It was on Saturday evening that I realized my heart was broken. Sounds like the first line of a novel. It would be so easy to make this post fiction. Instead of face the reality. One so stark I’m not even sure as I write this where this post is going.
My heart is broken because there’s never going to be even the slightest inquiry into the “torture” – a depravity called by so many euphemisms, instead of its truthful name. But even worse my heart is broken by the centuries and the thousands of centuries of equal inhumanity to man. The punishment of so many innocents. The going to war and justification of killing and torture and rape and pillage by so-called “virtues” as if using words could ever make this ok. My heart is breaking, not just because of these particular tortures and wars, but also because I can look into myself and see the same potentials, the same anger, the same kinds of justifications within my own torn and divided heart.
My heart is broken because we’re never really going to get health care like we really need health care. Health care for all – where the money goes for “care” and not for corporate welfare. But even worse my broken heart cries out for the fact of ill health itself. For sickness and disability and dying alone or unloved or on battlefields or other places of carnage, so different from medical settings where lives are valued to such extremes that the unwell are inflicted with “treatments” that make them suffer all the more. It’s the pain of life leading to death and the path along that strewn with illness and suffering. And the inability to ultimately alleviate these truths from my mind.
My heart is broken because national ideals and religious ideals are too often just words and pageantry. Because greed is so rampant. And because people have figured out ever better ways to disguise that and package products and ideals and sell them. For riches. For power. And I can see those same pulls contending within my own heart – so I can’t cast stones or I’d have to cast them at myself.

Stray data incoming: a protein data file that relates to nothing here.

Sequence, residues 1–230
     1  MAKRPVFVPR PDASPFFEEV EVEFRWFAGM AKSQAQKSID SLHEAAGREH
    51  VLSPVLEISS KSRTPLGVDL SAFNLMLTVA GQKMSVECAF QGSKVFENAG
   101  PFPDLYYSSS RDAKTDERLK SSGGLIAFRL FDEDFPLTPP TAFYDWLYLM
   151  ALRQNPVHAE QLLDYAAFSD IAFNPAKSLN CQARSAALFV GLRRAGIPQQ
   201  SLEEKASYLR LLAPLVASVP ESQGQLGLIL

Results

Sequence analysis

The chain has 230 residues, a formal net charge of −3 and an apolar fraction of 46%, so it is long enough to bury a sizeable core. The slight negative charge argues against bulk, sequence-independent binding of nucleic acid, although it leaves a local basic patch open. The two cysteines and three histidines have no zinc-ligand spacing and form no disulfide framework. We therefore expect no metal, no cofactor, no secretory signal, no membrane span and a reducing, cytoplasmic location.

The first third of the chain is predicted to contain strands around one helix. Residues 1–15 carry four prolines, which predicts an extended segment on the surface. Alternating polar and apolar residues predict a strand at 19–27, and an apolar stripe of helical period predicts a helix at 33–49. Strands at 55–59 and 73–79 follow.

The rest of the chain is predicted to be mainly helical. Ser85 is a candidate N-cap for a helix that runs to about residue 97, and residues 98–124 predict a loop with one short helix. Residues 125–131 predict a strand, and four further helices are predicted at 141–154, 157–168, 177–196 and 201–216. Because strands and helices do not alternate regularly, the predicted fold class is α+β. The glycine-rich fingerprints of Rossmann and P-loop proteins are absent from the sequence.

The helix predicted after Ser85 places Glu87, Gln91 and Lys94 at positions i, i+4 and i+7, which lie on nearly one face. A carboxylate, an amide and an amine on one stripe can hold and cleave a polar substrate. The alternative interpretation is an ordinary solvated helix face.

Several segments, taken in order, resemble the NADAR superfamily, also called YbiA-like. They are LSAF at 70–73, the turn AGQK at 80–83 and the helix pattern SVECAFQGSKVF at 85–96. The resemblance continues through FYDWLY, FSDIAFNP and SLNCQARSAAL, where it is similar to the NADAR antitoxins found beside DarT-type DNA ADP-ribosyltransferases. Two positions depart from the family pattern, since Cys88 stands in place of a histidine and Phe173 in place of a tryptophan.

I’m trying to rise above all this. I think of the Buddha, raised in a comfortable palace, protected from all by enjoyment, ultimately shocked when he ventured out and saw sickness and death and suffering. It wasn’t that he didn’t care to try and alleviate them. But he saw them as the human condition and he set out to try and find release from the fears and the wishes that prompt our inner suffering, as well as from the negative feelings like anger or resentment or revenge which ravage the world around us when they are unleashed by you or me or those we oppose. And then to save all beings through sharing that realization.
Jesus was murdered for trying to get people to care about each other. I think of him now as the Man of the Broken Heart, the Man of Sorrows so many have called him. A man who died for Love. And I take comfort in sharing that Broken Heart.
There’s a line from one of the psalms that says “a heart broken and crushed, oh, God you will not spurn.” I guess I’ve arrived there. Andre Louf calls that a place of true humility. A place where you admit your total powerlessness. Your brokenness. Failed ideals. Failed efforts to live up to them yourself. A place where you look around at the rubble of what you’ve tried to do and failed to do. How all of us fail.
So I’m not looking for sympathy. I hope you understand that. There are no words of comfort that have not been said before. For the Man of Sorrows, the Man of the Broken Heart, even the Buddha, they’ve been there too. And the psalmist, the psalmist has been there. A condition of complete simplicity (Costing not less than everything) as TS Eliot describes it. Followed by the comforting words of Julian of Norwich that “all shall be well and all manner of thing shall be well” – but that is on a spiritual plane: When the tongues of flame are infolded / Into the crowned knot of fire / And the fire and the rose are one. (whatever that means… it can’t be easy!)
Oh, yes, stilli… I know your sense of alienation…